Famed musicologist Ripping Babushkin recently sent shockwaves throughout the musical world like an earthquake, atomic bomb, or electrified beach. He published an incendiary piece in Notes n’ Things magazine claiming that Hubert Parry’s compositions are at best acceptable but otherwise aren’t worth the time it takes to forget them.
Keen flag-waving tea-drinker Aunt Sally had this to say: “But…Jerusalem!”
Babushkin’s essay focused mainly on things like Parry’s compositional technique, harmonic language, and his ability to be orchestrated by Elgar. After extensive analysis Babushkin declared that Parry exhibited skill in only one of these areas and that his lasting value as a composer is of a parochial rather than objective kind.
Mouth-breathing cheese-eater John Man was appalled by the essay. “But…Jerusalem!” he said.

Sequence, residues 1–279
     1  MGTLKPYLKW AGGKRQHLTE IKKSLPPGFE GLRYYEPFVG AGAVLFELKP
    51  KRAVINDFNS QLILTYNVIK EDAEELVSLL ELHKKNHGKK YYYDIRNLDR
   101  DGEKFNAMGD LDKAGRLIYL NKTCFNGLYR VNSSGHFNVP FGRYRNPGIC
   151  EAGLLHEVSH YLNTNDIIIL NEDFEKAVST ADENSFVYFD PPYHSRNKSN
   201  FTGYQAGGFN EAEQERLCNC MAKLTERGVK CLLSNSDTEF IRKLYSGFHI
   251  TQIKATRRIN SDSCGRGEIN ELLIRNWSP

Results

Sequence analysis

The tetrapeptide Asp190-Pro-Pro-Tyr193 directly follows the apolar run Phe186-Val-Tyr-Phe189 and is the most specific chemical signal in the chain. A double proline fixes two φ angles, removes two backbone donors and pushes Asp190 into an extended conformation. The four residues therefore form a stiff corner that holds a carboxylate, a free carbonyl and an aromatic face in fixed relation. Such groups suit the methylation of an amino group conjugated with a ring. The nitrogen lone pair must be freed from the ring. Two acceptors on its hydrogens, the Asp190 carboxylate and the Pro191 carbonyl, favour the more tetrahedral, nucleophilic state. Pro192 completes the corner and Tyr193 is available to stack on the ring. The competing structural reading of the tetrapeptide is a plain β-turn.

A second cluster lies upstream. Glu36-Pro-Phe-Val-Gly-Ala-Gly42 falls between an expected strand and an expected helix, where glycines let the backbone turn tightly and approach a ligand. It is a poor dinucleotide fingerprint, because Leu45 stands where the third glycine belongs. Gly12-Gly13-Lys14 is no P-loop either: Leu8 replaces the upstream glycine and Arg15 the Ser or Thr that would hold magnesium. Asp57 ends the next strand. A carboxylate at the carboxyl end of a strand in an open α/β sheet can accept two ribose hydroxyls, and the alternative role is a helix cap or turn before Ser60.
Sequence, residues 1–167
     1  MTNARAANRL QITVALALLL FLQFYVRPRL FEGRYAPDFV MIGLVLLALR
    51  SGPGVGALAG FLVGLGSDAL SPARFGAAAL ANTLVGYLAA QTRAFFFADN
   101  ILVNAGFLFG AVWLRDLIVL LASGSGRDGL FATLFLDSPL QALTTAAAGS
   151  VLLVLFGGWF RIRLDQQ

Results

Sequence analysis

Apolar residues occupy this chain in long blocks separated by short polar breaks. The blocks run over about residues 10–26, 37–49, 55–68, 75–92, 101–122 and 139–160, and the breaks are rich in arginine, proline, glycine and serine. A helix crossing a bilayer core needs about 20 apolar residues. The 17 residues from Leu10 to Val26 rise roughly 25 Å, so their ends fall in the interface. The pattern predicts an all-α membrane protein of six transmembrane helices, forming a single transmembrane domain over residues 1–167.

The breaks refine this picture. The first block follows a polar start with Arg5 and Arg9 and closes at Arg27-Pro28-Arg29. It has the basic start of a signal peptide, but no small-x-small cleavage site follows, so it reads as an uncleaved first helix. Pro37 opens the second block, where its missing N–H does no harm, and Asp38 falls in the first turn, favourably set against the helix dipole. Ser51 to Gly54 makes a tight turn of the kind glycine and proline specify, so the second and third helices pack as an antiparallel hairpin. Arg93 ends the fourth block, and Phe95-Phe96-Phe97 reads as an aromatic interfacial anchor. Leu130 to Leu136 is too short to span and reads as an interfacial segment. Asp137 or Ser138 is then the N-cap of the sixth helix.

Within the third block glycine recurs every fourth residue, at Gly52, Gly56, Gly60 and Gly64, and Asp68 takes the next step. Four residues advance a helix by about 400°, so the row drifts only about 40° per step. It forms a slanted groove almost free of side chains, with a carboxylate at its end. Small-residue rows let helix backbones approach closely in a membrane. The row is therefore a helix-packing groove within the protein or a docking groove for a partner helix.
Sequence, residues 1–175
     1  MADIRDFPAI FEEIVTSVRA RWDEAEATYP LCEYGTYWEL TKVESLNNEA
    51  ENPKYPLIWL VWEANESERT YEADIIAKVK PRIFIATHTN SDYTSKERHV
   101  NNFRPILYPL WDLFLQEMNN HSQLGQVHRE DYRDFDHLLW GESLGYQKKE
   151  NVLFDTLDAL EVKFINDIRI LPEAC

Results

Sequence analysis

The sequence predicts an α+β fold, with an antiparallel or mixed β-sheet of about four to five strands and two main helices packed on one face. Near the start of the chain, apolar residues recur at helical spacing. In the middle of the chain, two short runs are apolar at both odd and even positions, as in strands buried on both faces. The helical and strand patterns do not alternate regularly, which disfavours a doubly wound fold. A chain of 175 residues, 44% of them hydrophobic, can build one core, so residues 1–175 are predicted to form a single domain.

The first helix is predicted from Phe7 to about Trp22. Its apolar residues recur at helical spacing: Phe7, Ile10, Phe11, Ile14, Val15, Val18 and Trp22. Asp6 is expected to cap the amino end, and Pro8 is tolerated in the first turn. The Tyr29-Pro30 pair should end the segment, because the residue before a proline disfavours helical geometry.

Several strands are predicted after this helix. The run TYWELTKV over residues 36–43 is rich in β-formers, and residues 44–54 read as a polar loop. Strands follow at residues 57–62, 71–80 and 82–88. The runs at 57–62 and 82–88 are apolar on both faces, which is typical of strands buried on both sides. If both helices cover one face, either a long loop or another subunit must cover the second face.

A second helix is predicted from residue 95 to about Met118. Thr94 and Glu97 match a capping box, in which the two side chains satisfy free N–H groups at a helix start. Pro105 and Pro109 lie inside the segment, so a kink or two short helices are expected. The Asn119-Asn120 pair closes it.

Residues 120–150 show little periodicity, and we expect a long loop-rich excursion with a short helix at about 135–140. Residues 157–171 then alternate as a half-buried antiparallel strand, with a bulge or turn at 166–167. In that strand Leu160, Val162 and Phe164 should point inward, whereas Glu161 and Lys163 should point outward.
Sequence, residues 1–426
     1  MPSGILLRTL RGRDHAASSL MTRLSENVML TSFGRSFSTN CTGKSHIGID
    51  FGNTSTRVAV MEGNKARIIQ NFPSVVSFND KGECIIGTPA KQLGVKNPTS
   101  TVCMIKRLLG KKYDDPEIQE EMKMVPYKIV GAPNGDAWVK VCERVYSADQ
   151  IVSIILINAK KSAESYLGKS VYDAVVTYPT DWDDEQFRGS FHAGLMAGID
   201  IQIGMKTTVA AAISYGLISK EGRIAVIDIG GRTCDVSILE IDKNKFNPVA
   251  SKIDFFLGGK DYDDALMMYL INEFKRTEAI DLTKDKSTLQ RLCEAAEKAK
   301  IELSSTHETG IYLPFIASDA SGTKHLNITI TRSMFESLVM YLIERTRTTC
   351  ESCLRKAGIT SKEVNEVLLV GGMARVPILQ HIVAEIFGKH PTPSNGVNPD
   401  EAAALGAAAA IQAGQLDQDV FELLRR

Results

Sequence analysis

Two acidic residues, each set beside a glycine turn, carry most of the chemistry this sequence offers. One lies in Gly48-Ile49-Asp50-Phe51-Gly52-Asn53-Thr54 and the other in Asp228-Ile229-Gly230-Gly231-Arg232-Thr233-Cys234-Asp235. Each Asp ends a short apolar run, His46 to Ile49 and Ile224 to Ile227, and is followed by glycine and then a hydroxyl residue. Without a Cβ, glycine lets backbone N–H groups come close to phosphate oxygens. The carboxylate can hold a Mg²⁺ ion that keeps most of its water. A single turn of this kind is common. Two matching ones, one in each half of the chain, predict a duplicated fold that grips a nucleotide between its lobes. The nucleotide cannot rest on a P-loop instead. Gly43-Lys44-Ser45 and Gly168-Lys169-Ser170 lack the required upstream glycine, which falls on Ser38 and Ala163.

Babushkin conceded that some of Parry’s music has the sort of charm and jollity one could happily appreciate while asleep. “I knew that the essay would be unpopular,” he said. “Just last week I had to fight a mob in the street to buy a ticket to the LSO’s all-Parry concert.” However, he has no time for Parry’s trademark use of angular, unstable melodies harmonised poorly and set against sugar-coated marching band rhythms within pedestrian formal structures that fans have come to adore. He hopes the essay will cause a reappraisal of Parry’s works and thus reduce the amount of concerts featuring Parry from one every four years to one every generation. “Sometimes, you just need to remember that a composer existed.”
Bus-riding hat-wearer Bob Guy was furious. “But…Jerusalem!” he said.